The Niangua Hydroelectric Generating Station, nestled along the winding Niangua River in Missouri, faced a significant challenge. The Federal Energy Regulatory Commission (FERC) expressed its desire for Show Me Power, the owner of the dam, to bulldoze the structure. FERC believed that removing the dam would be beneficial for various reasons. However, Show Me Power firmly believed in preserving the dam and the many benefits it provided.
The Niangua River basin had a rich history, with white settlers gradually establishing their presence after the Louisiana Purchase. The rugged landscape supported small bottom farms, timber cutting, and the construction of water power grist mills. In the early 1900s, the potential for hydroelectric power on the Niangua River captured attention, particularly at a site where a natural tunnel could provide an artificial fall of water for a hydraulic turbine.
The site, located in Camden County, offered picturesque views and geological wonders. A small city was built, and construction of the dam commenced, employing around 350 workers. A new tunnel was driven through the hill, and concrete was transported to the dam and powerhouse via chutes. Over time, the Niangua Hydraulic Generating Station was completed and began operation in 1930.
The dam itself was a gravity type, designed to create a forty-foot head. It consisted of a rock anchored concrete spillway section, a rock and earth filled embankment, and a steel sheet-pile supported concrete core wall. The resulting reservoir covered an irregular area upstream, spanning approximately 2 1/4 miles and reaching a depth of 10 to 20 feet at low water stage. The generating plant, located east of the reservoir, harnessed the maximum head through a concrete lined tunnel and surge chamber.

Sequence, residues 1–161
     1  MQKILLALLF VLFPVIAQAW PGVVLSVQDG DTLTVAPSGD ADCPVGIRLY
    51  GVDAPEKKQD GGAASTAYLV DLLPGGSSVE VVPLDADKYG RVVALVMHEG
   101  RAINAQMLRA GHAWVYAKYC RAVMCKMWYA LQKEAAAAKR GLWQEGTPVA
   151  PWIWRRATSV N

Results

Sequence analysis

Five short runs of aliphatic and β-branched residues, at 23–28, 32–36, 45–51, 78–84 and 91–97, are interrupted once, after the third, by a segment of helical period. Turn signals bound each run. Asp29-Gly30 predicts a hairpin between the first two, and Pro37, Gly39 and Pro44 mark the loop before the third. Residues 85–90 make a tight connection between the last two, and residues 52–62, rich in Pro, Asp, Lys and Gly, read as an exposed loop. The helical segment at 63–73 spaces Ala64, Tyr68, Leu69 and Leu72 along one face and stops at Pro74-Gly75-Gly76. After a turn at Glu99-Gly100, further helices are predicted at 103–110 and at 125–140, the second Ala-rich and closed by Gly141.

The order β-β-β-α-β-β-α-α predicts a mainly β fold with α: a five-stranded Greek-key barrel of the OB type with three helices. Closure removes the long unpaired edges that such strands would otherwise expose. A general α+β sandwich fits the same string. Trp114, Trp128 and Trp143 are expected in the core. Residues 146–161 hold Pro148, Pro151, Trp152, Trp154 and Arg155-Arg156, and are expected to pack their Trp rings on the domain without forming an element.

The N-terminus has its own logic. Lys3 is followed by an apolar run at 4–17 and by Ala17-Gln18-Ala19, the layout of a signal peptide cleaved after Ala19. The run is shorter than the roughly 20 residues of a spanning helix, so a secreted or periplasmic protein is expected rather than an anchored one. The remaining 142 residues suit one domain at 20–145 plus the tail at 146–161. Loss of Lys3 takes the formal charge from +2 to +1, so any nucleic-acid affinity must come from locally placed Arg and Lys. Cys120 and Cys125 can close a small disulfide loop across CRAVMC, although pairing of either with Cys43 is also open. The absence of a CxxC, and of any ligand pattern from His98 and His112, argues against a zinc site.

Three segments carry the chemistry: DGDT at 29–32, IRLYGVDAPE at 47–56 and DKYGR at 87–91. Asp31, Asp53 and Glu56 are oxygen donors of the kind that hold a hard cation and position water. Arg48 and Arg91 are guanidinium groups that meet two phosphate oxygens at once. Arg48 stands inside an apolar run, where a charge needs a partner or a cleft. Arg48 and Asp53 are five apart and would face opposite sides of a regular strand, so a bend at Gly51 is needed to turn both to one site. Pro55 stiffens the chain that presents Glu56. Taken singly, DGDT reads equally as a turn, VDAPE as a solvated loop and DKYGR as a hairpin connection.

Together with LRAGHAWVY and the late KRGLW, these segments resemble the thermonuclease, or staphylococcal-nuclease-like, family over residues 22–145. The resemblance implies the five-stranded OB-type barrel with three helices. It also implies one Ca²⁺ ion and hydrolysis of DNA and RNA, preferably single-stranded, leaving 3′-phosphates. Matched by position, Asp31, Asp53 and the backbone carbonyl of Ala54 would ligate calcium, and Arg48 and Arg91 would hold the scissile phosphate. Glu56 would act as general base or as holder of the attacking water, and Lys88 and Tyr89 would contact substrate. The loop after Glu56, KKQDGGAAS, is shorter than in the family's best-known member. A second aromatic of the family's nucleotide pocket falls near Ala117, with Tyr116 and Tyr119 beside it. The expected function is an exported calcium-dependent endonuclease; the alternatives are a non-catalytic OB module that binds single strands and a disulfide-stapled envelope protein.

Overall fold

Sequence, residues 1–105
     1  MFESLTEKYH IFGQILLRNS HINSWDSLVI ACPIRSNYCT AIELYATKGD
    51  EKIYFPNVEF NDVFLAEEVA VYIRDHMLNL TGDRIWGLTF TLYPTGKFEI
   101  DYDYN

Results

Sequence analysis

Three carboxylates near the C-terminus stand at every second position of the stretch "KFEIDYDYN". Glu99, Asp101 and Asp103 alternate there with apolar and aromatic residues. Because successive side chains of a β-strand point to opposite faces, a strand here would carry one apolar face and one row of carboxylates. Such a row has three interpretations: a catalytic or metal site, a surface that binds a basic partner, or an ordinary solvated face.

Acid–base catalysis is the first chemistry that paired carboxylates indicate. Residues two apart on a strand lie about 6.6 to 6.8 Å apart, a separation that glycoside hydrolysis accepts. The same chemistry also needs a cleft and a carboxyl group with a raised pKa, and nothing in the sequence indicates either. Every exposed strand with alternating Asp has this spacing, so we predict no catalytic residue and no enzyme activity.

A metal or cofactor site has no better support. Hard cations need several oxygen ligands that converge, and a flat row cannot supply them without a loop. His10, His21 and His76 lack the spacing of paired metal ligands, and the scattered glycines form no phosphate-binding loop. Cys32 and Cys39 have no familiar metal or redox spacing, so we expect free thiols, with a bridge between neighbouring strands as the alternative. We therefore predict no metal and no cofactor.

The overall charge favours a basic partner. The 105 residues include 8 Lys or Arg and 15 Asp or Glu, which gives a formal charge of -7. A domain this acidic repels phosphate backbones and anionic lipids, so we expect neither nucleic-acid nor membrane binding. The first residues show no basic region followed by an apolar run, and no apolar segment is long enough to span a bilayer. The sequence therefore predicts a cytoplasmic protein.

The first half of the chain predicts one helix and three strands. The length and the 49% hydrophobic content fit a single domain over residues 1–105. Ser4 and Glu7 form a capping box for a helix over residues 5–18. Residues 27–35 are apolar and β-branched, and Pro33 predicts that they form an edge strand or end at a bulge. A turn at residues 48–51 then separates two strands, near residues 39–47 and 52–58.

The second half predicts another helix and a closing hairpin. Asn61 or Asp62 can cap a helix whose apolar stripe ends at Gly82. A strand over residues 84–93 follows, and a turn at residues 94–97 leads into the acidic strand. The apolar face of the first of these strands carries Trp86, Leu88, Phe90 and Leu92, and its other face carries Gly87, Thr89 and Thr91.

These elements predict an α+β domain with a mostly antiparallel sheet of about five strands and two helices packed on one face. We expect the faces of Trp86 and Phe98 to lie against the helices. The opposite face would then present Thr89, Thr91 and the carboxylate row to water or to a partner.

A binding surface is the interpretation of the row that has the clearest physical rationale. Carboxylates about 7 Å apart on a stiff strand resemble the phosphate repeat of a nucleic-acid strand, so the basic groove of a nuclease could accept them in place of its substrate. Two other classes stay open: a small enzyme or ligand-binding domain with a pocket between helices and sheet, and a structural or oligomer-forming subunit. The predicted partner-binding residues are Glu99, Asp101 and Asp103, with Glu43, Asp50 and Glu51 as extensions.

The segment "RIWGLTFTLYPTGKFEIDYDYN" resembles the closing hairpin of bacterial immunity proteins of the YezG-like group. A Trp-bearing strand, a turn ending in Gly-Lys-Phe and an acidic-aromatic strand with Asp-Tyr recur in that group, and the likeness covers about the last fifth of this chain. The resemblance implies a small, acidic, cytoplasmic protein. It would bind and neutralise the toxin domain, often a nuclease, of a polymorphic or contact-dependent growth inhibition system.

The generating equipment, powered by S. Morgan Smith water wheels, included two Allis-Chalmers vertical generators. These generators, with a capacity of 1875 KVA each, operated at 327 RPM under the 40-foot head. Flowage rights were acquired by Show Me Power through the purchase of several tracts of farm land, along with water rights from various interests in Laclede and Camden Counties.
Despite its smaller size compared to modern hydro and thermal generating units, Tunnel Dam still played a role in meeting peak energy demands and offering production efficiencies. Show Me Power emphasized the dam’s significance as a unique engineering marvel, and it was recognized as such in a survey of historical engineering sites in Missouri.
FERC’s desire to demolish the dam clashed with Show Me Power’s commitment to preserving it. Show Me Power firmly believed in the dam’s value. The company was determined to advocate for the continued existence Niangua Dam, highlighting its historical, importance to the region.